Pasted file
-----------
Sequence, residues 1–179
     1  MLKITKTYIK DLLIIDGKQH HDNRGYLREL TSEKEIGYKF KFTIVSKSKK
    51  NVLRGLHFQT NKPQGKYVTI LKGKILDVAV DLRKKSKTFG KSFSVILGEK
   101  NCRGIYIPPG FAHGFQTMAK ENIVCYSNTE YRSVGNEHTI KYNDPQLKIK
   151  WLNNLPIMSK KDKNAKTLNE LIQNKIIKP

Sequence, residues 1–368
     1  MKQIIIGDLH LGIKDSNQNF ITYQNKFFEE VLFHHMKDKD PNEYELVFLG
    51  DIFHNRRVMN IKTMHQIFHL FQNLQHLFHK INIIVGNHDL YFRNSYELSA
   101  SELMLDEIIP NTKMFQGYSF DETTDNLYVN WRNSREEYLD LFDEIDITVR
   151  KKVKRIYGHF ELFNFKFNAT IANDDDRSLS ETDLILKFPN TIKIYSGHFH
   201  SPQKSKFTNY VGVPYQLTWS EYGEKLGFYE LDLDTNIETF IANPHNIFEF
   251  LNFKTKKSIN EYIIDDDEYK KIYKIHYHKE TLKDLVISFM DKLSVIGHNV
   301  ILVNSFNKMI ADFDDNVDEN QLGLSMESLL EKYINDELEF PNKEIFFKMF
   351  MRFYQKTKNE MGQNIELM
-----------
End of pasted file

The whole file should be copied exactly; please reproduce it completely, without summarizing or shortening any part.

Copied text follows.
Sequence, residues 1–179
     1  MLKITKTYIK DLLIIDGKQH HDNRGYLREL TSEKEIGYKF KFTIVSKSKK
    51  NVLRGLHFQT NKPQGKYVTI LKGKILDVAV DLRKKSKTFG KSFSVILGEK
   101  NCRGIYIPPG FAHGFQTMAK ENIVCYSNTE YRSVGNEHTI KYNDPQLKIK
   151  WLNNLPIMSK KDKNAKTLNE LIQNKIIKP

Sequence, residues 1–368
     1  MKQIIIGDLH LGIKDSNQNF ITYQNKFFEE VLFHHMKDKD PNEYELVFLG
    51  DIFHNRRVMN IKTMHQIFHL FQNLQHLFHK INIIVGNHDL YFRNSYELSA
   101  SELMLDEIIP NTKMFQGYSF DETTDNLYVN WRNSREEYLD LFDEIDITVR
   151  KKVKRIYGHF ELFNFKFNAT IANDDDRSLS ETDLILKFPN TIKIYSGHFH
   201  SPQKSKFTNY VGVPYQLTWS EYGEKLGFYE LDLDTNIETF IANPHNIFEF
   251  LNFKTKKSIN EYIIDDDEYK KIYKIHYHKE TLKDLVISFM DKLSVIGHNV
   301  ILVNSFNKMI ADFDDNVDEN QLGLSMESLL EKYINDELEF PNKEIFFKMF
   351  MRFYQKTKNE MGQNIELM